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Pump earns Ramon Magsaysay award

Group working with rural poor gets Asia's version of Nobel Prize for water supply

John Lagman, Manila

John Lagman, Manila

Updated: September 01, 2011 10:40 AM GMT
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Pump earns Ramon Magsaysay award
The award recipients (from left) Nileema Mishra, Tri Mumpuni, Koul Panha, Hasanain Juaini, Harish Hande, and Auke Idzenga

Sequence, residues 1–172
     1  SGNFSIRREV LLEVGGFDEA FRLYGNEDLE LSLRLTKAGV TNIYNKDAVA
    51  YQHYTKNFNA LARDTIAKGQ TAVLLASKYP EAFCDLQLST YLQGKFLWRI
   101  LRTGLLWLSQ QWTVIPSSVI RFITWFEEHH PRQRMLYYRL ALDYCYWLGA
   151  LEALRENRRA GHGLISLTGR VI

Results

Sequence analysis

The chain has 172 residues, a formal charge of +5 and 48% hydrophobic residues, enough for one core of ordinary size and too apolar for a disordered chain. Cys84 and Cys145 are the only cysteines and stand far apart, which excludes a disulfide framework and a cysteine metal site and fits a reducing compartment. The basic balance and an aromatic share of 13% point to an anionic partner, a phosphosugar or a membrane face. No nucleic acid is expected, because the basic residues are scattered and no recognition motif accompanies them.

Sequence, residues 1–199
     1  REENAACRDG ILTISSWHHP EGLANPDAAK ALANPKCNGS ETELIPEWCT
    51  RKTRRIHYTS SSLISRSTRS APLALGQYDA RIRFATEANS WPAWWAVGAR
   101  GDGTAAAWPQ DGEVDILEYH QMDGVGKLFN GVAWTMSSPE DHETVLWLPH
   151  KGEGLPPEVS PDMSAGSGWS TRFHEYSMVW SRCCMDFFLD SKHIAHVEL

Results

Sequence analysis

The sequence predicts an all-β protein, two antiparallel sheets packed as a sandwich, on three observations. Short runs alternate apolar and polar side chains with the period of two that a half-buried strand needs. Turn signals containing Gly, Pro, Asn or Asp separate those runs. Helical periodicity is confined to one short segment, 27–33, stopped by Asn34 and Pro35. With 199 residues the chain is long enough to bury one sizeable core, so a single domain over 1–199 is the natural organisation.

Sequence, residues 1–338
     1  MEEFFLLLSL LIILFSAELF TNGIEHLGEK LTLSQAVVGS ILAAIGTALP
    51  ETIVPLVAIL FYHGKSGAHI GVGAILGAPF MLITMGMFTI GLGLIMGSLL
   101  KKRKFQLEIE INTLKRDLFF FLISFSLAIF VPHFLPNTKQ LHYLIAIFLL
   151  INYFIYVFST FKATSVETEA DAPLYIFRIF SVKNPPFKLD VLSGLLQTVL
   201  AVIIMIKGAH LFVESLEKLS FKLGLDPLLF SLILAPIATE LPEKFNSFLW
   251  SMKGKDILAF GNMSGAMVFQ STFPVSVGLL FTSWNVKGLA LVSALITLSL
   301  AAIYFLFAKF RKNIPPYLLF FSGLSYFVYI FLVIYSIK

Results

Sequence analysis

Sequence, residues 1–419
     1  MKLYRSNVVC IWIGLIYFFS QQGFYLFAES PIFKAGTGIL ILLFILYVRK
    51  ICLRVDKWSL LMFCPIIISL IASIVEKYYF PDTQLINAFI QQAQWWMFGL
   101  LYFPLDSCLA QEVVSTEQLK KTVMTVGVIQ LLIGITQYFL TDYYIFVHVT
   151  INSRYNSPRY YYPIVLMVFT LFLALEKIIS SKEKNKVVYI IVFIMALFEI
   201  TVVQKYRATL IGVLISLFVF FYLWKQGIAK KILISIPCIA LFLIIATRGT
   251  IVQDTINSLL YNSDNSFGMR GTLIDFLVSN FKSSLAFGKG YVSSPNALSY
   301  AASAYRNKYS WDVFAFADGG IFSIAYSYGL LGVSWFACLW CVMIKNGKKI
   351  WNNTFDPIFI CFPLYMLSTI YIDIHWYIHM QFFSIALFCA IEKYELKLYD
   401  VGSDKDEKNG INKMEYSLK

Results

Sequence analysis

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An organization working with the rural poor in the hinterlands of Negros Occidental province has received one of this year's Ramon Magsaysay Awards, considered Asia's version of the Nobel Prizes. The Alternative Indigenous Development Foundation Inc. (AIDFI) was recognized for its technology that has helped improve the delivery of basic necessities to rural poor in upland communities. "[This award] recognizes all the hard work done by mostly silent heroes who come from the grassroots… We are very sure this award will help spread our work faster," Auke Idzenga, a Dutch marine engineer and co-founder of AIDFI, said yesterday. "It’s unbelievable. It will have a very great impact for our future work," Idzeng said after the award ceremony. Idzenga and a small group of social activists established AIDFI in the 1980s to help poor people in rural communities. The Ramon Magsaysay Award Foundation gave special recognition to AIDFI's ram pump technology that uses natural kinetic energy from water flowing in rivers and springs to push water uphill and into people’s homes. An AIDFI pump can carry up to 72,000 liters of water each day to an upland reservoir. The system brings water to upland communities that do not have easy access to it. AIDFI has provided at least 227 ram pumps which have benefited 185 upland communities in various parts of the country. The Ramon Magsaysay Awards were established in 1957 to give recognition to the ideals which distinguished the life and service rendered to people by late Philippine president Ramon Magsaysay. Each award recipient gets a cash prize of US$50,000, a gold medal and a certificate. "Our goal is simple. Somehow people will find inspiration, maybe some good idea, so that they can also make their contribution to real progress in our society," said Carmencita Abella, president of the Ramon Magsaysay Award Foundation.

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